For many years, my son’s exposure to the Grand Canyon was very similar to mine. We both knew about the Grand Canyon through various sources and experienced a certain measure of its glory, but we had never beheld the Grand Canyon. One day, my son decided to take a trip to the Grand Canyon to see the sight through his eyes, instead of through the eyes of an author or a photographer. When he returned home from his trip I asked him what his impression was of the Canyon. “I wasn’t prepared for what I saw,” he said, “it was beyond anything I could have imagined.” When my son tried to convey his experiences to me he could not fully describe the wonder of it all—the glory of the Canyon left him in awe. Once he beheld the Canyon I knew that a picture in a book would never satisfy him again.
In order to know the full glory of the Grand Canyon you must behold the Grand Canyon, not just once, but time and time again. You must walk up to it, stand at the edge of its rim, look down, look out, look across, and behold it. You must breathe the air around it and see the various weather patterns change the shading and the colors of its walls. You must walk its trails, feel its steepness, sense its soil beneath your feet, brush by its foliage, watch its river, see its wildlife, and try to grasp, with all your senses, its beauty and enormity.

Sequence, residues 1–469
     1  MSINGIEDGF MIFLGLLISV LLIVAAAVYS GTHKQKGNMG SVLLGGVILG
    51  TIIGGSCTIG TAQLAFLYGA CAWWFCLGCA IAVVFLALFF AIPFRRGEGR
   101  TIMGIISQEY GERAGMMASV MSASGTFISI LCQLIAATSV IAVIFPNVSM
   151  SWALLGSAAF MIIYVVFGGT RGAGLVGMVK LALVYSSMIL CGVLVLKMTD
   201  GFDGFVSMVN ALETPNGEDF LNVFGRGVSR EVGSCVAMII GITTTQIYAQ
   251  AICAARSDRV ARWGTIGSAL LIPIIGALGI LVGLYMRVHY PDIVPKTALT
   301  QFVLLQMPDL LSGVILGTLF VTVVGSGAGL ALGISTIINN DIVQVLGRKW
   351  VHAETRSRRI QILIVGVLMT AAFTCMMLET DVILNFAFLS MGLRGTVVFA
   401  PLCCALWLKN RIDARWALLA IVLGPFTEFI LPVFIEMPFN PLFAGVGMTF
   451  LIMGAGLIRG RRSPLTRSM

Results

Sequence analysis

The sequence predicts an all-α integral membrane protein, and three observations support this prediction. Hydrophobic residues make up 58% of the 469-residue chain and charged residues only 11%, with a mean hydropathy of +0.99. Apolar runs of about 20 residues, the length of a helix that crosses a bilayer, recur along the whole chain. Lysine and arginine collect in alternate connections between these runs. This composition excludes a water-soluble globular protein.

Have you wondered why the disciples left their all to follow Jesus? What was it about Him that would cause them to take such a drastic step? I think John gives a clue when he tells us, “And we beheld His glory.” It seems that in their first encounter with Jesus, God gave the disciples their first glimpse of His glory.
It certainly was not the full revelation of His glory, but it was enough to win their hearts. They heard something in His voice, they saw something in His countenance, and they felt something from His spirit that allowed them to behold Him for the very first time. It was enough to keep them in awe, to keep them in wonder, and keep them desiring to behold Him more and more.
Think of it, Jesus Christ came so that you could behold His glory. Not just a glimpse of His glory, but the fullness of His glory. As we grow in our relationship with Jesus Christ from day to day, we go from glory to glory. We see more of His beauty, learn more of His ways, and understand more of His heart. In many ways, we are like people watching sunbeams coming through the window of our heart—the sunbeams are real and delightful to look upon—but they are nothing compared to the full glory of the sun from which they emanate.